There are many existing filtration systems/products, especially those for treating either greywater or microplastics specifically. Systems made for both greywater and microplastic filtration are usually industrial level water filtration systems. For the case of a low-tech greywater filtration solution, there are various DIY/simple solutions for greywater in the gardens of people’s homes, mainly for residential use. Many of these consist of a cheap plastic housing with plastic pipes, foam/lint, or similar filtration sheets. Some include pumps, while others rely on gravity for the greywater to move through the system. An example of a greywater filtration solution for residential use is those sold by the company Matala. DIY and low-tech sand and gravel filtration systems are rarer in developed countries; they are more common in many different variations in developing countries.
Solutions for microplastic removal from water exist in many forms, especially for residential use. Few microplastic filters for washing machines are in the market and are expensive. Solutions for microplastics are more prevalent in tap water filtration, such as reverse osmosis filters, which are very expensive and complicated. A simpler and cheaper existing product is an activated carbon block filter which is also used in tap water filtration.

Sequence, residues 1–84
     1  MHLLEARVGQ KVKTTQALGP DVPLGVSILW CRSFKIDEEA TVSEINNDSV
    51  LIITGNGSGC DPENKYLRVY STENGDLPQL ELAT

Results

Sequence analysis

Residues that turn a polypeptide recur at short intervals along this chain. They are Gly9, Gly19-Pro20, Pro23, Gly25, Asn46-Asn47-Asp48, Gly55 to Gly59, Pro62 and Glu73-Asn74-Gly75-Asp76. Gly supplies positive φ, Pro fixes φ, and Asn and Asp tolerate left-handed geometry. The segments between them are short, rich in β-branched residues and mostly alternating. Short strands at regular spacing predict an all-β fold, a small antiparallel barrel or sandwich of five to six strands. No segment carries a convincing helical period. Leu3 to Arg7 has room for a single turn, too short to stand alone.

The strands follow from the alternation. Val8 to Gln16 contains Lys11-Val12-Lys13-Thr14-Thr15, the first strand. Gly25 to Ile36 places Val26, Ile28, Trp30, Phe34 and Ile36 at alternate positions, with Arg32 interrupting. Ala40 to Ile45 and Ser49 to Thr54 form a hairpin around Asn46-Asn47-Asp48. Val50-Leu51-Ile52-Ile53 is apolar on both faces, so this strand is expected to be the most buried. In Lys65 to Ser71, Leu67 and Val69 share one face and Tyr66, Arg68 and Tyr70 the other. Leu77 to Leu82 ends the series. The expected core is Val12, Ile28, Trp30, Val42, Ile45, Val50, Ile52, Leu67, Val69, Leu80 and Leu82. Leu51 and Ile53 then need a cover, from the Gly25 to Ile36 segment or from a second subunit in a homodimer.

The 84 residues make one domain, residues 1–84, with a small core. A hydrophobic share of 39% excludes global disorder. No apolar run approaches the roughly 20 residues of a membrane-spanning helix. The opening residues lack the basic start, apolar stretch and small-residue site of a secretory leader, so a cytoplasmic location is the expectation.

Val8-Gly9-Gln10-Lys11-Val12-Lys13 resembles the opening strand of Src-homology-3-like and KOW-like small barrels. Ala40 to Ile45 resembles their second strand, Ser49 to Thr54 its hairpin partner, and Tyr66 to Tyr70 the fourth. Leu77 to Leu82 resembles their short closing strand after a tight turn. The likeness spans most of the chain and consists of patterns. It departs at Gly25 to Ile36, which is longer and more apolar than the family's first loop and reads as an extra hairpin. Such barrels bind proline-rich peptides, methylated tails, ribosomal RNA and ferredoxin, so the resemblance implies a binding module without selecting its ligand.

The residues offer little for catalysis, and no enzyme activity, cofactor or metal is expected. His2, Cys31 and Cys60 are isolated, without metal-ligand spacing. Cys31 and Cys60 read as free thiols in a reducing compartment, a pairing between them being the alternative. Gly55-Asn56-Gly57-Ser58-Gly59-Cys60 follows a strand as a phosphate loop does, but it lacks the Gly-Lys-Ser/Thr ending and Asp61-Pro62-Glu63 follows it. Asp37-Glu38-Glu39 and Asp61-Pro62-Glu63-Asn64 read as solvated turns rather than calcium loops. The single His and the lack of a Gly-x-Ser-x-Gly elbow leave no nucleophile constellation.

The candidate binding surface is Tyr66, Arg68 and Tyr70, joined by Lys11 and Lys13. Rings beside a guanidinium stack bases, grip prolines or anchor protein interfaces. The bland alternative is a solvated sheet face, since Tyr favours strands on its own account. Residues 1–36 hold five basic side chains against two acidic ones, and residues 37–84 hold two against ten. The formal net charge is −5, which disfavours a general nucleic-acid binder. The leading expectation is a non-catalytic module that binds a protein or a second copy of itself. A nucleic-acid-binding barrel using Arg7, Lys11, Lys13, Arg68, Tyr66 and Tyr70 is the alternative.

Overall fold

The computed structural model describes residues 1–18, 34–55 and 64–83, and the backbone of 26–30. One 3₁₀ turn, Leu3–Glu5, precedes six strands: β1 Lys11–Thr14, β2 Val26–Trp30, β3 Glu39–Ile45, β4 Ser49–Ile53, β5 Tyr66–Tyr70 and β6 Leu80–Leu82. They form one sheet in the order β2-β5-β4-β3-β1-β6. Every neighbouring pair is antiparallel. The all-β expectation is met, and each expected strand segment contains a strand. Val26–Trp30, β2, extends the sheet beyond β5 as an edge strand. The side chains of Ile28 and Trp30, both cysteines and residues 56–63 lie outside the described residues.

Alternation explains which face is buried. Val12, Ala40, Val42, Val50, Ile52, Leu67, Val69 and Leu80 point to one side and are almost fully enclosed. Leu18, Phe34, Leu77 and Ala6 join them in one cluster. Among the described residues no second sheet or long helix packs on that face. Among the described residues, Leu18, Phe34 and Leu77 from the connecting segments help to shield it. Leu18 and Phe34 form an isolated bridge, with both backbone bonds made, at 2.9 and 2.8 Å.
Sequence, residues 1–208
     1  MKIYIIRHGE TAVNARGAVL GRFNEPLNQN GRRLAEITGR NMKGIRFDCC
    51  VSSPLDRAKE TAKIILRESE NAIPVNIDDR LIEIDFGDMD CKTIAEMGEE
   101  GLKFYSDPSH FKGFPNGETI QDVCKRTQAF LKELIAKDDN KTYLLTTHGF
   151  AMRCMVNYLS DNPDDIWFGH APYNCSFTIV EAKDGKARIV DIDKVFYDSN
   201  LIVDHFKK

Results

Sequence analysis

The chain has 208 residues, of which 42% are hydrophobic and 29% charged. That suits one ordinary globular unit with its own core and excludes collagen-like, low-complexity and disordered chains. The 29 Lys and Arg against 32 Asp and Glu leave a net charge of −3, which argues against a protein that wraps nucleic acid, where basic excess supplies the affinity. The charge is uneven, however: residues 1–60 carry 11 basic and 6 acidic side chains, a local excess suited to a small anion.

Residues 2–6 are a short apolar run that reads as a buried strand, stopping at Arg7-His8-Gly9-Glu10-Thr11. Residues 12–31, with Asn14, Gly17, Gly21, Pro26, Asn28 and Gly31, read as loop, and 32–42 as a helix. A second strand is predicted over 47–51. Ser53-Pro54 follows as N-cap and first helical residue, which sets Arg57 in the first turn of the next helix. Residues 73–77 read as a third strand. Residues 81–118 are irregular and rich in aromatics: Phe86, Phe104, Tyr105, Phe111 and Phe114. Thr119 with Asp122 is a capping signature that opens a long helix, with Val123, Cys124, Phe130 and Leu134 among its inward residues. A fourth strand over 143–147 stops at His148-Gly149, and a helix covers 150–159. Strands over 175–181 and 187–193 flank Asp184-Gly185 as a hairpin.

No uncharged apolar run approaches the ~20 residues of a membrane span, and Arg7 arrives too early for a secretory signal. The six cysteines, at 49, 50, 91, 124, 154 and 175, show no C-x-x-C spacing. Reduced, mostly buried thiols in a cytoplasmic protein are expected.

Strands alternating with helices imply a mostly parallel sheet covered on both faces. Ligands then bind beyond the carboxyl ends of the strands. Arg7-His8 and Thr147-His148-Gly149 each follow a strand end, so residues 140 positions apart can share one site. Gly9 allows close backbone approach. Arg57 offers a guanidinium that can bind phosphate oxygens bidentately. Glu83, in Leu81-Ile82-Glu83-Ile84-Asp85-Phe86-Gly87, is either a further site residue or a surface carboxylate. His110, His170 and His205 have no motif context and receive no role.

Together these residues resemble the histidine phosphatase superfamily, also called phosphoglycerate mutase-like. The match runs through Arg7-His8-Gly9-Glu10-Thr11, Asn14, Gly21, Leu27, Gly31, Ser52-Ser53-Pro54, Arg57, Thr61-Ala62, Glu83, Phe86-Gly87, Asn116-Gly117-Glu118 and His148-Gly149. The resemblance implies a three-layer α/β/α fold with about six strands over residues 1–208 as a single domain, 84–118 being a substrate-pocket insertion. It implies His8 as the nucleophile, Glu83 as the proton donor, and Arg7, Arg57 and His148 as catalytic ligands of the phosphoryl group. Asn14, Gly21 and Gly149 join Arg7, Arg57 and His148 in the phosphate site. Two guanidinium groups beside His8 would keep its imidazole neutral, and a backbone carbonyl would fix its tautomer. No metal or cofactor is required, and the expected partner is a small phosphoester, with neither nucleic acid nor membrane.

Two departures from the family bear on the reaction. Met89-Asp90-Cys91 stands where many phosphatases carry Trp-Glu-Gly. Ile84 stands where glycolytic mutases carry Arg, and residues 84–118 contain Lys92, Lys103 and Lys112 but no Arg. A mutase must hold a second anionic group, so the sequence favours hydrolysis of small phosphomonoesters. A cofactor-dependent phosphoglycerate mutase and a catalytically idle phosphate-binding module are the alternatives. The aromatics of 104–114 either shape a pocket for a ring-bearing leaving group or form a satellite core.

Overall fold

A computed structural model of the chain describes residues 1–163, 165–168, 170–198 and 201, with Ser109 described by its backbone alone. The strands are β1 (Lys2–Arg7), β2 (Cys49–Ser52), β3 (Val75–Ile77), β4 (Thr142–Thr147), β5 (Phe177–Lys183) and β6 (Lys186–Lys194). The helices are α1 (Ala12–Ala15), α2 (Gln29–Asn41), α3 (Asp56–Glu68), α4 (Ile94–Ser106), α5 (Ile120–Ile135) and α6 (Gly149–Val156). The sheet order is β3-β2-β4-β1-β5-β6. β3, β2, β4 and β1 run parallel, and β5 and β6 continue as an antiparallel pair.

Therefore, this filtration solution for the Divya washing machine is original in the sense that a low-tech system for filtering both greywater and microplastics is not currently on the market. It is an adaptation of existing ideas to solve a new issue.
The communities that this concept is targeted for are low-income communities and/or those who lack access to clean water. This was highly considered during the design and brainstorming process of this low-tech filtration concept. Many factors were considered to make it easier to adopt for these communities, such as ensuring to keep the system as simple as possible and avoiding including any complicated mechanisms where maintenance and repair would be a struggle if there were a lack of specific equipment and knowledge. The system's height was strongly looked at during the design process, minimising the height as much as possible while keeping the functionality. The platform's top reaches about waist height; this will minimise struggle and strain when lifting the Divya washing machine.